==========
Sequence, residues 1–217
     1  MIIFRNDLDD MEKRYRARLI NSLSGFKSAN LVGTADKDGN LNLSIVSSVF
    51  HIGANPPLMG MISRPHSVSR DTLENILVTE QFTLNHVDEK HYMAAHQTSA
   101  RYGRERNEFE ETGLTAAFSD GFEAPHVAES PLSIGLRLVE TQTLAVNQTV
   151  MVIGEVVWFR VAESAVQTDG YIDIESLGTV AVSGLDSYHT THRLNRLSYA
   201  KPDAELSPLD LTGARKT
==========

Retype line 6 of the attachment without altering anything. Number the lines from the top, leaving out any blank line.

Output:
   201  KPDAELSPLD LTGARKT